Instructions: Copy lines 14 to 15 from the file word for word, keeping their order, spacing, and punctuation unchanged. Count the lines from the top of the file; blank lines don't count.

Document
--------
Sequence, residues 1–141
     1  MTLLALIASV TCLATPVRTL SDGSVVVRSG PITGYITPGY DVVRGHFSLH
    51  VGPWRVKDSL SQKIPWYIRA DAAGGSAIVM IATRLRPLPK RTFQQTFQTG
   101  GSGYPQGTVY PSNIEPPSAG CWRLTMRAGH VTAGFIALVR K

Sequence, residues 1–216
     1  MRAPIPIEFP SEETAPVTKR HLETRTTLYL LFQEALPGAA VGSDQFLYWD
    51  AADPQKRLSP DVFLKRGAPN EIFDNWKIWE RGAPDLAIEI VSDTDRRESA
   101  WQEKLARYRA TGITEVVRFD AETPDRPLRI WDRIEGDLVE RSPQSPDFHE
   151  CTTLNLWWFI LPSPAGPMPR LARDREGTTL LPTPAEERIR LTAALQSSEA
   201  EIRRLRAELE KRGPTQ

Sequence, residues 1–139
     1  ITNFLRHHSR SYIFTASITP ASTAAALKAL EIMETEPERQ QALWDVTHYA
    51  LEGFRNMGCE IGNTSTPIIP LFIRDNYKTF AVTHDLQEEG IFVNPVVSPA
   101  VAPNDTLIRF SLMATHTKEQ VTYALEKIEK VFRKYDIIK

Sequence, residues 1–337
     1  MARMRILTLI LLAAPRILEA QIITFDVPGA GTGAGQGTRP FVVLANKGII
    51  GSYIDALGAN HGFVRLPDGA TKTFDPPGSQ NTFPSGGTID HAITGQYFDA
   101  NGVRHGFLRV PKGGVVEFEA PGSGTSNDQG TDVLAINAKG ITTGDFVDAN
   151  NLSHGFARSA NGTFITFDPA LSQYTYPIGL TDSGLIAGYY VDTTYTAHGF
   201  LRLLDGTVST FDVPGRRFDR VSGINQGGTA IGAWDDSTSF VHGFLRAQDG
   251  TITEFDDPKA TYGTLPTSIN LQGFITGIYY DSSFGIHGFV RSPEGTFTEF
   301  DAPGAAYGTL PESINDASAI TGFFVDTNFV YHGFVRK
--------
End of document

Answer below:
   101  VAPNDTLIRF SLMATHTKEQ VTYALEKIEK VFRKYDIIK

Sequence, residues 1–337